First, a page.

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Dream Day 2019: Celebrating Mike 'Dream' Francisco's 50th Birthday

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Mike "Dream" Francisco
Mike "Dream" Francisco. (Spie One)

On Aug. 17, Mosswood Park in Oakland will be full of people gathered in celebration of the 50th birthday of the late, great Mike “Dream” Francisco.

Dream, a legendary graffiti writer, was raised in Alameda and spent time all over the Bay Area. But he found a home on the walls of Oakland—specifically those near 23rd Avenue and East 12th Street, in what’s known as Oakland’s 23rd Yards. He got his first taste of writing in 1983, and from that moment on, Dream used the walls of the Bay Area as a canvas to create artwork so impressive that publications around the world took note.

His notable hand styles and clever messages, as well as the proliferation of pieces that simply read DREAM, helped to spread his name in the graffiti writing world.

Best Of Both Worlds-Dream
Two of Dream’s more popular pieces, ‘The Best Of Both Worlds’ and ‘Sweet Dreams.’ (Pendarvis Harshaw)

Much more than just a writer, Dream was a hustler who grew to be politicized. He had the Bay Area vernacular and charisma, and used it in conversation. He was a proud first-generation Filipino guy who loved hip-hop, and kicked it with folks of all nationalities.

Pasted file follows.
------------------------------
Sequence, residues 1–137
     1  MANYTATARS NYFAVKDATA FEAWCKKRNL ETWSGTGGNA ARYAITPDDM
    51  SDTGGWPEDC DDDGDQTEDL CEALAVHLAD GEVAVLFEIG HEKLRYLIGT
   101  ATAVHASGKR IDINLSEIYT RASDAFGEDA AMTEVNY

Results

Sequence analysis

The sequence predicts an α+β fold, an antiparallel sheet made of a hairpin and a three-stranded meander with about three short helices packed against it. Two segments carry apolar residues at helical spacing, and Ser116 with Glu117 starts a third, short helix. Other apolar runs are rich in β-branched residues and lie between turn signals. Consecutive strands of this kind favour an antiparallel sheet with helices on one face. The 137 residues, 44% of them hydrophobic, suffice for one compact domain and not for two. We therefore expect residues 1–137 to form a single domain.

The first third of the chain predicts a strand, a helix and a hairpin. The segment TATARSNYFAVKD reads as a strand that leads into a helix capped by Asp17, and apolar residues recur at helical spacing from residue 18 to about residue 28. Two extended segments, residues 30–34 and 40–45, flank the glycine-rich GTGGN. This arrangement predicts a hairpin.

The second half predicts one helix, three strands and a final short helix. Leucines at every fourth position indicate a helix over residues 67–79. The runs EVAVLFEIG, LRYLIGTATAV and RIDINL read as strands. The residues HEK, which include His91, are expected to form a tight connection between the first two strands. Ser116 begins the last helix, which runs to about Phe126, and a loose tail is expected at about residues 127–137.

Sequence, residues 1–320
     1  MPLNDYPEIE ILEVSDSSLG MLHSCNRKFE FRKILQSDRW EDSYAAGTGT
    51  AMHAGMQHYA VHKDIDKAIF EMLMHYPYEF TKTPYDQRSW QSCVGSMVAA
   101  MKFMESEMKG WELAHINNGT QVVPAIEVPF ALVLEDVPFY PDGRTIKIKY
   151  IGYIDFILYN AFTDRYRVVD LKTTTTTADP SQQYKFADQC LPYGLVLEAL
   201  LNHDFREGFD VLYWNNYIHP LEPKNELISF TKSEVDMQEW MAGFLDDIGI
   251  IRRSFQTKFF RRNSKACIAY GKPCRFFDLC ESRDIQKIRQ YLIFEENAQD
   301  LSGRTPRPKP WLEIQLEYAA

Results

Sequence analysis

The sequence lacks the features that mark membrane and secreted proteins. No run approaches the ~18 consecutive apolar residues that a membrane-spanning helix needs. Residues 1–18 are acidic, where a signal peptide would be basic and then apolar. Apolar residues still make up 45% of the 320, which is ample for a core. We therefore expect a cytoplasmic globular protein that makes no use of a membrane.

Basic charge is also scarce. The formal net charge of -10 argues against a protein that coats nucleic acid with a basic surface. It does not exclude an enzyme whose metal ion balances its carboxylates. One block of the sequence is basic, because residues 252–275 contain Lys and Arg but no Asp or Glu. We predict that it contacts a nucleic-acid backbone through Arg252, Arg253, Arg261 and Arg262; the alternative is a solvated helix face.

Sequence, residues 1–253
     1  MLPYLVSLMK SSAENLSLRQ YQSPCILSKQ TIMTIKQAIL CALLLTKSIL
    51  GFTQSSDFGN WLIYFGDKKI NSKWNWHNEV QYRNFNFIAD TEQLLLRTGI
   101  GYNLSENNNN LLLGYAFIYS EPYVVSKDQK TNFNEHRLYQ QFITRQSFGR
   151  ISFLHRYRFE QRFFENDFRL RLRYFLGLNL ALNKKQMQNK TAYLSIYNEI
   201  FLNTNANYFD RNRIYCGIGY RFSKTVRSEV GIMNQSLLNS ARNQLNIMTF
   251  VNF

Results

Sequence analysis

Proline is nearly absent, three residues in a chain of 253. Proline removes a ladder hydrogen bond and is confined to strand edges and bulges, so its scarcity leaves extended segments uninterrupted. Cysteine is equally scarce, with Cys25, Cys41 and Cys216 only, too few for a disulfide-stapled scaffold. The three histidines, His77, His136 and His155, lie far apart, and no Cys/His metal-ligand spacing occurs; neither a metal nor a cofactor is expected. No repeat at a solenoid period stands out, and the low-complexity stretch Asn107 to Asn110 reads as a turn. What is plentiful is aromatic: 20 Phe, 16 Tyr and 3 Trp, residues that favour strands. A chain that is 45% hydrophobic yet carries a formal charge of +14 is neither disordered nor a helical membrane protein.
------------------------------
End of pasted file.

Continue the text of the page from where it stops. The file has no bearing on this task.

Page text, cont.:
He was also a founding member of a crew of writers known as TDK, which originally stood for “Those Damn Kids.”  But you know how it is: multiple meanings for an acronym emerge, depending on what the crew got into. So, when they did devious things, they were “The Dark Knights.” When they were talking politics, it was “Tax Dollars Kill.” When they were bragging about how dope they were, they were “The Damn Kings.”


Years have passed and the crew has grown. A lot of them still paint; you can find TDK pieces in all corners of the Town. Some have used their artistic ability for other things, like becoming tattoo artists. And a few of them became teachers, still carrying the TDK name—you know, “Teach Da Kids.”

Dream memorial at the front door of East Side Arts Alliance
Dream memorial at the front door of East Side Arts Alliance. (Pendarvis Harshaw)

After Mike ‘Dream’ Francisco was killed on Feb. 17, 2000, in Oakland, the City of Oakland officially designated that day as Dream Day in 2010. His legacy not only lives on in the photos of his work and his crew’s continued contributions to the arts, but through his son Akil as well.

I have a close connection to Dream’s story: my 2014 documentary film, TDK: The Dream Kontinues, highlights just a bit of his life and artistry.

But for a real sense of his legacy in the Bay Area, there’s nothing like being around the people he worked with, and the writers he inspired. At Mosswood Park this Saturday, friends, family and writers from around the world will share signatures, tell stories and listen to golden-era hip-hop, with music by DJ Qbert, Wes, Nump and more. It’s all to honor the life of one of the most well-loved graffiti artists of the region.—Pendarvis Harshaw

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